Unveiling of Canada's National Memorial at Vimy Ridge, France, 26 July 1936.
National Archives of Canada (PA-183541).

Unveiling of Canada's National Memorial at Vimy Ridge, France, 26 July 1936.

King Edward VIII, accompanied by Prince Arthur of Connaught, Ernest Lapointe, Ian MacKenzie, C.G. Power, and party, inspects the Guard of Honour.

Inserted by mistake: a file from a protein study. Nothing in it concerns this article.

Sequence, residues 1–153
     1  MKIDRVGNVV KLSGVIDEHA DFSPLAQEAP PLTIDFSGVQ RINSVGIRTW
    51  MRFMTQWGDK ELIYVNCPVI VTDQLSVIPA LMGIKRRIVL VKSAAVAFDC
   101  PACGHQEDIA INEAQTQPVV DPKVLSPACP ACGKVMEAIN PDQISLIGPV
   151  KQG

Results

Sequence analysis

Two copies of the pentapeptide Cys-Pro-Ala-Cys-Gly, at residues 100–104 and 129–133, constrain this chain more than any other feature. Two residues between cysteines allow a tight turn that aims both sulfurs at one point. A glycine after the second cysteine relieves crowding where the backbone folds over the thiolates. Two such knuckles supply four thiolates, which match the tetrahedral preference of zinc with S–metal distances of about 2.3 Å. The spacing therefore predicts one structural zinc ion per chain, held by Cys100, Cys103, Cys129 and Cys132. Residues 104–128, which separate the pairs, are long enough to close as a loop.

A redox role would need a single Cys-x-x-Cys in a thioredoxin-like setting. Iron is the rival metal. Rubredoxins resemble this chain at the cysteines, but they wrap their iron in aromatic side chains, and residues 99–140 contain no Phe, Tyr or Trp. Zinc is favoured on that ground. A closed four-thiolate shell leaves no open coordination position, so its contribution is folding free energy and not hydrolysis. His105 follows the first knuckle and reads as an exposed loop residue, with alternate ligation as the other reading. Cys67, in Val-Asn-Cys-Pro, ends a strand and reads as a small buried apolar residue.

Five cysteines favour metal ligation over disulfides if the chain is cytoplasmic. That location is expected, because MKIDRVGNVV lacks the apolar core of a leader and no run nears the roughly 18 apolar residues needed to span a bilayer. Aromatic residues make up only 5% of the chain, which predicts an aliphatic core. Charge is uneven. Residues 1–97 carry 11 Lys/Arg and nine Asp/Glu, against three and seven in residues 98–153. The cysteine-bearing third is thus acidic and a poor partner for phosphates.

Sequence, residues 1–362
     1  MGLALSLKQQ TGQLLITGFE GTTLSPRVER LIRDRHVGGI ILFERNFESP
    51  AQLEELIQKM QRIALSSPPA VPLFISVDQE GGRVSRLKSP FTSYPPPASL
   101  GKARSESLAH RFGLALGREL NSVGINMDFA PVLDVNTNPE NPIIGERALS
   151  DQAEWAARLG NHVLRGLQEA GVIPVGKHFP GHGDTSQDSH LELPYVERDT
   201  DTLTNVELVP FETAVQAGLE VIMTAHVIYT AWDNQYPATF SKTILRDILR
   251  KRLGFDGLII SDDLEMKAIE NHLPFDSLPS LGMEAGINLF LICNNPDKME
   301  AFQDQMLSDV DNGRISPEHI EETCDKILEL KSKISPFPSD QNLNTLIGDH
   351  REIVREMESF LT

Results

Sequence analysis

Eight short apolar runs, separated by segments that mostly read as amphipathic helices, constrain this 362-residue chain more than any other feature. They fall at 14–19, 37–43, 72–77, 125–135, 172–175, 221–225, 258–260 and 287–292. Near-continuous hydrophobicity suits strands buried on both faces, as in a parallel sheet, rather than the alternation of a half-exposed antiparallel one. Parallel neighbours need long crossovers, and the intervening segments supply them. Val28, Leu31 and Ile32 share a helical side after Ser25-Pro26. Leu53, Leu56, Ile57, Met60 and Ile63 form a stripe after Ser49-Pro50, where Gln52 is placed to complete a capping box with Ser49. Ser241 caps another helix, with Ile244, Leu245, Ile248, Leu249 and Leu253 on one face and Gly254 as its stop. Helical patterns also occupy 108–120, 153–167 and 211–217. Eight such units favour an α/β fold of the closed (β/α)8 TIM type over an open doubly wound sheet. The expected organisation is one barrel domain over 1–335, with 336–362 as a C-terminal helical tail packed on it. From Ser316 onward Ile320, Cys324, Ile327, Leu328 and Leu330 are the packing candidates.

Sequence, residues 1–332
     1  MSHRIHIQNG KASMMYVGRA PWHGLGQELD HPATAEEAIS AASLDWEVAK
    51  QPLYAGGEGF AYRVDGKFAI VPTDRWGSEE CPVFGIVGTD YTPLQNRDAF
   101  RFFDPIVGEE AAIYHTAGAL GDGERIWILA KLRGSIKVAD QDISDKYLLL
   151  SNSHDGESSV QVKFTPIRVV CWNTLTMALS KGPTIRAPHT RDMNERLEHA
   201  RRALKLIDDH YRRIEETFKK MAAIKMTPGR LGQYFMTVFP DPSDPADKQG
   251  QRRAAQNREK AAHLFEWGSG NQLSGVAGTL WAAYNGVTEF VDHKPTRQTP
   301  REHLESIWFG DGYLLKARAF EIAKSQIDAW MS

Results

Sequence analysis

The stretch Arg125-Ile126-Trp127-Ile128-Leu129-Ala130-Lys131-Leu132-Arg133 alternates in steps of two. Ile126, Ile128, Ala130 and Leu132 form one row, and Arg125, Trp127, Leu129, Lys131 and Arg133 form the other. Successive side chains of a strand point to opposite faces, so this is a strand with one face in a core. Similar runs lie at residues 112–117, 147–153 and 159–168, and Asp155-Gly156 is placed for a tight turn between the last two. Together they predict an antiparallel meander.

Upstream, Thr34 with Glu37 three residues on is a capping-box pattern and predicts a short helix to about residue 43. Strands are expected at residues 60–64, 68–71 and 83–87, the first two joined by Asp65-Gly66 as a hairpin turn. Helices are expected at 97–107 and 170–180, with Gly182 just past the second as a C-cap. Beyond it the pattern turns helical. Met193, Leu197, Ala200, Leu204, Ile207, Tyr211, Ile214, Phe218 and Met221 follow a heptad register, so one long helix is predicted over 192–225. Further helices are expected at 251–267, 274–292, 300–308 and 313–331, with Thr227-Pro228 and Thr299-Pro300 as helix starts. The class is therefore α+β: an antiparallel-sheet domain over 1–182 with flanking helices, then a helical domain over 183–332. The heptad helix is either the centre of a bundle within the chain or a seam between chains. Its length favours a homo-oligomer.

The First World War is perhaps the single most important event in Canada's history. If Vimy Ridge gave Canadians a sense of pride in their own nation, the sacrifices of all Canadians who fought in the war earned Canada the respect of the world. By the end of the war, Britain and other countries acknowledged that Canada was an independent nation. Canada could speak for itself -- and it did in the peace negotiations and then the newly-established League of Nations. Canada would never look back; it was now a nation first and a member of the British Empire second.

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